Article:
The International Olympic Committee voted in 2006 not to include women's ski jumping at the 2010 Games, saying the sport was not developed enough.
Time is of the essence and Ross Clark, the lawyer who filed the request with Canada's Supreme Court Tuesday, said he recognizes it's a long shot, the Toronto Star reported. Two lower courts have ruled against the women, saying the country's Charter of Rights doesn't extend to having a say in which sports are included in the Olympics.
"I recognize that this is a tough road," Ross said. "We may not succeed, on both grounds. Even getting leave is a tough thing; one in 10 are successful."
The 2010 Winter Games will be held in Vancouver, British Columbia, Feb. 12-28.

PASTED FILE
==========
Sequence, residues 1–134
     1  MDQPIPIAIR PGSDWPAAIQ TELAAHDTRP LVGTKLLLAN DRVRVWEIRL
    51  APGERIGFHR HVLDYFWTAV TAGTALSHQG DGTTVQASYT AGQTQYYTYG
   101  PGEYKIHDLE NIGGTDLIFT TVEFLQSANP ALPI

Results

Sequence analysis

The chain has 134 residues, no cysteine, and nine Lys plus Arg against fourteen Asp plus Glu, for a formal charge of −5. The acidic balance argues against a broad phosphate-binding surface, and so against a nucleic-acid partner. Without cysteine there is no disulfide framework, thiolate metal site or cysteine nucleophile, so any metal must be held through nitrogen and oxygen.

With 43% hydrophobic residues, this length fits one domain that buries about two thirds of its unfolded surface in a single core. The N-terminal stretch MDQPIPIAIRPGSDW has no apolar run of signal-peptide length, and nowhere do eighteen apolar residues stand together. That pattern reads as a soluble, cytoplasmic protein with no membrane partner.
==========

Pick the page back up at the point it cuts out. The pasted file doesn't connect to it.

A spokesperson for the13 female jumpers contends there's more at stake than just whether the women can compete in this Olympics.
"It's even bigger than women's rights. It's human rights," Deedee Corradini, president of Women's Ski Jumping USA, told the Star.
"Internationally, it has implications for whether organizations can come into a country, such as the (International Olympic Committee) and ignore the Constitution of that country."
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